VantageScore vs. FICO score: How are they different?

The information provided on this website does not, and is not intended to, act as legal, financial or credit advice. See Lexington Law’s editorial disclosure for more information.

VantageScore® and FICO® use somewhat different factors to determine credit scores. They also have separate requirements for credit history and distinct credit score ranges.

VantageScore® and FICO® are both accurate credit scoring models with unique nuances. For example, FICO treats credit mix and age of credit as two separate categories, while VantageScore lumps them into one category (mix and age of credit).

Lenders can use your FICO score and VantageScore when deciding to approve or decline your loan applications. Learning how both models work can help you have a positive impact on your credit. We’ll compare and contrast FICO and VantageScore to help answer questions like “Why are my credit scores different?

Key takeaways

  • VantageScore and FICO are both accurate scoring models that use different factors to calculate your credit score.
  • FICO was established in 1981, while VantageScore was founded in 2006.
  • Payment history impacts VantageScores and FICO scores the most

Table of contents:

What is a FICO score?

Your FICO credit score is a credit scoring model created by the Fair Isaac Corporation (FICO) that is based on information in your credit reports with the three major credit bureaus—Equifax®, Experian® and TransUnion®. FICO score 8 is the most popular version of this model, and other versions can specifically weigh your habits with auto loans and credit cards.

What is a VantageScore?

Your VantageScore is also based on information in your credit reports with the three major credit bureaus, and it was created by those same credit bureaus as an alternative to the FICO scoring model. VantageScore 3.0 is the most commonly used version of this tool, which debuted in 2013. VantageScore 4.0 incorporates machine learning to analyze a person’s credit habits over time.

Why are my FICO score and VantageScore different?

There are multiple reasons why your FICO score and VantageScore may differ, and it comes down to the way each model calculates scores. Here are several ways that these popular scoring models differ from each other.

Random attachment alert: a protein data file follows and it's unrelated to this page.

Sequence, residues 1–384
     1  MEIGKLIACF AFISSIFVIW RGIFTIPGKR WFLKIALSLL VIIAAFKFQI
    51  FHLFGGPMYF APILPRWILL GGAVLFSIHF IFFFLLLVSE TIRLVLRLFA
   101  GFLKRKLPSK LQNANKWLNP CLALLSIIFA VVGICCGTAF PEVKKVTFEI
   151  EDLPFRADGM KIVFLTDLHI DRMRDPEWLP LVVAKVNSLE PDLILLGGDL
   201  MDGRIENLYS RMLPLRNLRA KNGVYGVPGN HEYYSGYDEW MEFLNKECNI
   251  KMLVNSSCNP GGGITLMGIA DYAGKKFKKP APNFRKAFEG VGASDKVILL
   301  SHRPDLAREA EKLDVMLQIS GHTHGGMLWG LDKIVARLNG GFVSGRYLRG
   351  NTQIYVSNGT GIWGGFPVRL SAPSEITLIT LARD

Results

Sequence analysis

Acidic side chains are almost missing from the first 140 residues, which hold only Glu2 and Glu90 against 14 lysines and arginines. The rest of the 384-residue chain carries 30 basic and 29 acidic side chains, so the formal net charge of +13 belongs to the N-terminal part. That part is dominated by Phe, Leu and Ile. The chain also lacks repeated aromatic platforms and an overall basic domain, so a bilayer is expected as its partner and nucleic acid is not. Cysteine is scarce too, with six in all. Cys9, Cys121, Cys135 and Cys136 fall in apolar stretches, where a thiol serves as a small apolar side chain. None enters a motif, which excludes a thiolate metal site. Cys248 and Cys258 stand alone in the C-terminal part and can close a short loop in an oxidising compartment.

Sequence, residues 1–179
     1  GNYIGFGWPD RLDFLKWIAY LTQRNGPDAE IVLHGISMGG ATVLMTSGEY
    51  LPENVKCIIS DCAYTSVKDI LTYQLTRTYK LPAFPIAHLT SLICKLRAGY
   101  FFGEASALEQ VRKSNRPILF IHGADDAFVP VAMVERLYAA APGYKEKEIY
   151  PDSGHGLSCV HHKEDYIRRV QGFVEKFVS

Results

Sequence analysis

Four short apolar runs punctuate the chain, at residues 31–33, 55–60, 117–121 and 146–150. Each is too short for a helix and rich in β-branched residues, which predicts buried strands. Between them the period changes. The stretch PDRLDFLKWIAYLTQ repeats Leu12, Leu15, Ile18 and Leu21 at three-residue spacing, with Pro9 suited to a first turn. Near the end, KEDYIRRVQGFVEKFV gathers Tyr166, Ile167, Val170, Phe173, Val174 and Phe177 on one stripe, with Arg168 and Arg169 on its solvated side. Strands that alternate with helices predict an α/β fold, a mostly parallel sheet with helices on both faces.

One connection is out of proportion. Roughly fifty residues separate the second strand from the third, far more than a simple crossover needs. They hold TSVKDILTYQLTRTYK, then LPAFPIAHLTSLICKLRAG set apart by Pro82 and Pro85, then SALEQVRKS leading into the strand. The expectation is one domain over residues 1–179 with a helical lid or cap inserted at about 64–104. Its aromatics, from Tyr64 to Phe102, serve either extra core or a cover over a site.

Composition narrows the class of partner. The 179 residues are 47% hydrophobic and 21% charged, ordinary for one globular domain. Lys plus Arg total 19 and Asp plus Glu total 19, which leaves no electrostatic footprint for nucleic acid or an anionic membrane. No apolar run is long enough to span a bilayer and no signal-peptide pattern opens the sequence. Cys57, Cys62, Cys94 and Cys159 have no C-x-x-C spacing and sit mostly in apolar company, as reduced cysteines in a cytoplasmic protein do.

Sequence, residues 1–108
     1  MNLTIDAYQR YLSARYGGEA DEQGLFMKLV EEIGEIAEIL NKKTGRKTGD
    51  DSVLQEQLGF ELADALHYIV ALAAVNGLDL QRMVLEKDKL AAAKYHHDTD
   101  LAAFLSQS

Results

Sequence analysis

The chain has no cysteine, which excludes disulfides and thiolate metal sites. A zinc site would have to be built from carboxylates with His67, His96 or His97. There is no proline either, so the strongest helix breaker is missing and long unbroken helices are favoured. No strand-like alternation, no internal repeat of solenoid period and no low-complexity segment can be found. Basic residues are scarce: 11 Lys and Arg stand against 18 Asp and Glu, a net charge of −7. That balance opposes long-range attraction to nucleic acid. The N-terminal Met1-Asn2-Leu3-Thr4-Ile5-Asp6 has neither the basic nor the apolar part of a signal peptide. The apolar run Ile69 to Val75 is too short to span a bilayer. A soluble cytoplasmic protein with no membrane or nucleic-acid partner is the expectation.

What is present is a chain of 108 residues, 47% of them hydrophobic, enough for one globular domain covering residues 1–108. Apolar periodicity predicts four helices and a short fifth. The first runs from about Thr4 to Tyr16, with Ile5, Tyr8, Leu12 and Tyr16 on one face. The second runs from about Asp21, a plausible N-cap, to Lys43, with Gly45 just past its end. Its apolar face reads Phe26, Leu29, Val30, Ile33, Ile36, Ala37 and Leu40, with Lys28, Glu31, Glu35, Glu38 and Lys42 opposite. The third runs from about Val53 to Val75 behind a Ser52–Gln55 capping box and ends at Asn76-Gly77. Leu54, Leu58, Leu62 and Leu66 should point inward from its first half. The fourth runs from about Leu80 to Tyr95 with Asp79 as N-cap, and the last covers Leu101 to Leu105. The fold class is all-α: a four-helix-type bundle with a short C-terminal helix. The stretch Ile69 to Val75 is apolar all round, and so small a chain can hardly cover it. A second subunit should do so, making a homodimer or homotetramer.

Creation and history

The Fair Isaac Corporation was founded in 1956 (then called Fair, Isaac and Company), and they created the FICO score model in 1981. The corporation’s long-standing history is one of the reasons why so many lenders use its scoring models.

VantageScore Solutions, LLC, created the VantageScore model to gauge your creditworthiness using a different formula than FICO. This model was created in 2006, and many lenders have adopted it since.

Minimum scoring criteria

FICO requires at least six months of credit activity to generate a credit score. Moreover, your credit report must display a tradeline (which refers to an item such as a credit card or line of credit) with at least six months of activity.

VantageScore simply asks that clients have at least one tradeline item on their credit reports. There’s also no minimum monthly requirement for that item.

Credit score values

When comparing your VantageScore vs. FICO score, knowing which factors affect each model is important.

FICO Score 8 consists of the following five factors:

  • Payment history (35 percent): Gauges how often you make payments on time.
  • Accounts owed (30 percent): Weighs how much of your available balance you’ve used.
  • Credit age (15 percent): Measures the average age of your open credit accounts.
  • Credit mix (10 percent): Indicates how diverse your open credit accounts are.
  • New credit (10 percent): Looks at any new credit accounts you’ve applied for.